By no reasonable construction of the language used can the making of such an order be held to fall within any of the enumerated exceptions. It is not an order relative to the "arrangement of the calendar" or a "regulation of the order of business," and manifestly no other exception stated could possibly apply. The case before us is, in this respect, precisely the same as that of Frevert v. Swift, 19 Nev. 363, [11 P. 273], where it was held, upon a substantially similar statute, that an order of this character could not be made by a judge who was disqualified to act in the case. The reasoning of the opinion in that case appears conclusive to us.
It is suggested that as section 1054 of the Code of Civil Procedure provides that orders extending time may be made "by the judge of the superior court in and for the county in which the action is pending, or by the judge who presided at the trial," it was intended to allow the judge of the county, even though disqualified, to make the same, but we are satisfied that the provisions of this section must be read subject to the express prohibition of section 170 of the Code of Civil Procedure, to the effect that no judge shall sit or act in any proceeding wherein he is disqualified by the provisions of that section, other than in the specially excepted cases enumerated therein.
The judge of the superior court of San Mateo County was, therefore, without power to make the order extending time. It is overwhelmingly settled that under statutes like our section 170 of the Code of Civil Procedure, as the same existed prior to its amendment in 1905, expressly prohibiting a judge from sitting or acting in certain specified cases, any act of the disqualified judge in violation of the provisions of the statute, is absolutely void wherever brought in question. (See note, Moses v. Julian, 84 Am. Dec. 126, [ 45 N.H. 52]. See, also, Frevert v. Swift, 19 Nev. 363, [11 P. 273]; People v. De la Guerra, 24 Cal. 77.)
The order extending time within which to serve the proposed bill of exceptions was absolutely void. The proposed bill of exceptions was, therefore, not served in time. In the absence of an order relieving appellant under section 473 of the Code of Civil Procedure from the effect of the default, upon a proper showing made, the bill should not have been settled or considered on the motion for a new trial. No order relieving appellant from such default has ever been made. There is, therefore, no legally settled bill of exceptions on motion for a new trial which can now be considered, or which could have been considered on the hearing of the motion for a new trial in the court below. Regardless of the reasons which may have actuated the trial court in denying the motion for new trial, the denial of the motion was necessarily correct, there being no legally settled bill of exceptions or statement showing any error on the trial.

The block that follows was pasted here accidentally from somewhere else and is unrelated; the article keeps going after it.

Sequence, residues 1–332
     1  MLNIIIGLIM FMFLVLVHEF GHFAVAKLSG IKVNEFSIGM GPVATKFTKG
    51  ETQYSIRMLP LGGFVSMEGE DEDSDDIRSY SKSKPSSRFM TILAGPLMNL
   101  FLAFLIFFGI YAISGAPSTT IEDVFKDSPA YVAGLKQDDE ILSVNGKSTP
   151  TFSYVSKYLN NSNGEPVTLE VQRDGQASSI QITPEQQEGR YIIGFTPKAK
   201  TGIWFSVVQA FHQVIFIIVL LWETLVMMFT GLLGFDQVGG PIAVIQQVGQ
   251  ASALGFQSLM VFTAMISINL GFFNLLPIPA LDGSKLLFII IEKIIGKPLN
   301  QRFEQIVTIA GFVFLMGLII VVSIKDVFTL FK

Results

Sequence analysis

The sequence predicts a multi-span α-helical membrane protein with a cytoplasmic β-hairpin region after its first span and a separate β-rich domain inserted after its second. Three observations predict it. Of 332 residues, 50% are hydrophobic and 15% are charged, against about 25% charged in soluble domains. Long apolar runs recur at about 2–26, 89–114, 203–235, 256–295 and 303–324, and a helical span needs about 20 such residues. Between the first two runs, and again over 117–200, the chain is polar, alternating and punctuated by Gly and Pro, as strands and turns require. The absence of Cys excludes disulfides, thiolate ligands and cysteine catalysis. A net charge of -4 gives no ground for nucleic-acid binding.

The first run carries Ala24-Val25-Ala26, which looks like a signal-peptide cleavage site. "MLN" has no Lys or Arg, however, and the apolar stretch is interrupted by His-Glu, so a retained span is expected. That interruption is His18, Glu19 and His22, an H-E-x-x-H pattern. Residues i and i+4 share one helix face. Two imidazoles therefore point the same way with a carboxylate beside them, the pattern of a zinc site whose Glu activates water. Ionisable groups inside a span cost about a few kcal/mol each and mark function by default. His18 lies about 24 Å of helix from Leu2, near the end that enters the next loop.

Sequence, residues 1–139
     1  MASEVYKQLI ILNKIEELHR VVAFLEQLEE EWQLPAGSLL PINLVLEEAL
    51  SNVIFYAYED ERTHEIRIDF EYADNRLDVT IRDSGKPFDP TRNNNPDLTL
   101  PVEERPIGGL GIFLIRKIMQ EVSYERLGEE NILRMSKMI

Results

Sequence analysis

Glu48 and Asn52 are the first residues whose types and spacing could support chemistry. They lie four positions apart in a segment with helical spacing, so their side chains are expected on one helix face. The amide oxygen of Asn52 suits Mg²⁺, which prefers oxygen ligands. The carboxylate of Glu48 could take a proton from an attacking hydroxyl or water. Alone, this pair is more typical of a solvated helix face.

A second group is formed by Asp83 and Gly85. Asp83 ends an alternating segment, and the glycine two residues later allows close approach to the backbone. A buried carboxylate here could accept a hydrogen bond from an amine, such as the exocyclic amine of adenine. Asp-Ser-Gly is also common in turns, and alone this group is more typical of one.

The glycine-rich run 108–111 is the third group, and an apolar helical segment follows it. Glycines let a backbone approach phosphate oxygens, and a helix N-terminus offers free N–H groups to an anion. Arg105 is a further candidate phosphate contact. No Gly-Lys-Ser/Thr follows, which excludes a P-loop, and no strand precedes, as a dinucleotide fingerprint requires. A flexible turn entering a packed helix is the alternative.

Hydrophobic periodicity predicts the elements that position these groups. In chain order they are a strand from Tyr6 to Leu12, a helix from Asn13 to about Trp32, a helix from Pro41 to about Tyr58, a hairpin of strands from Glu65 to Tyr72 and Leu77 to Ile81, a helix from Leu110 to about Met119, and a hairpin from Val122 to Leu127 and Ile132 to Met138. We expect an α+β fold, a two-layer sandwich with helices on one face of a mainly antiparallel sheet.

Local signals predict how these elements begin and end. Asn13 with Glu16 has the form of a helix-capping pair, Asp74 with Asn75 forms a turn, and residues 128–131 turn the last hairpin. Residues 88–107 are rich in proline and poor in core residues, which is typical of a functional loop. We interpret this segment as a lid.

It appears from the bill of exceptions settled on the hearing of the motion to dismiss appellant's proceedings for a new trial, that, at the time the motion was argued and submitted, appellant did make a conditional motion to be relieved from the effect of the failure to serve its proposed statement in time, "if there was such failure," upon the ground of mistake, inadvertence, and excusable neglect, and supported such motion by affidavit, which affidavit is not contained in the record. It affirmatively appears from the bill that the trial court never ruled on this conditional motion for relief, and denied the motion for dismissal solely on the ground that there was no default, and appellant acquiesced in this action of the court, not even excepting to the failure to rule upon the motion for relief. It is now suggested that the case may be remanded with directions to the court below to pass upon the motion for relief. We are satisfied that it must be held that the appellant, by thus acquiescing in the action of the trial court and voluntarily submitting its motion for a new trial upon such legal record as then existed, waived and abandoned its motion for relief under section 473 of the Code of Civil Procedure.
The judgment and order are affirmed.
Shaw, J., and Sloss, J., concurred.